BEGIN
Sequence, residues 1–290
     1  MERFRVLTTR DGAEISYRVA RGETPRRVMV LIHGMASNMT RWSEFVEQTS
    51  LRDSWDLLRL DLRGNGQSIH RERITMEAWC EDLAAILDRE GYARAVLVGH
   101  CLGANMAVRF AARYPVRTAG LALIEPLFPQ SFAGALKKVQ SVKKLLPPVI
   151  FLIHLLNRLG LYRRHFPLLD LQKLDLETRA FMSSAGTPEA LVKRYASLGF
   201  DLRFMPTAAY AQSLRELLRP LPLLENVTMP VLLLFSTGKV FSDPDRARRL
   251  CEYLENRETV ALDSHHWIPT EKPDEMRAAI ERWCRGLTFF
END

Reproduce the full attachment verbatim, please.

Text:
Sequence, residues 1–290
     1  MERFRVLTTR DGAEISYRVA RGETPRRVMV LIHGMASNMT RWSEFVEQTS
    51  LRDSWDLLRL DLRGNGQSIH RERITMEAWC EDLAAILDRE GYARAVLVGH
   101  CLGANMAVRF AARYPVRTAG LALIEPLFPQ SFAGALKKVQ SVKKLLPPVI
   151  FLIHLLNRLG LYRRHFPLLD LQKLDLETRA FMSSAGTPEA LVKRYASLGF
   201  DLRFMPTAAY AQSLRELLRP LPLLENVTMP VLLLFSTGKV FSDPDRARRL
   251  CEYLENRETV ALDSHHWIPT EKPDEMRAAI ERWCRGLTFF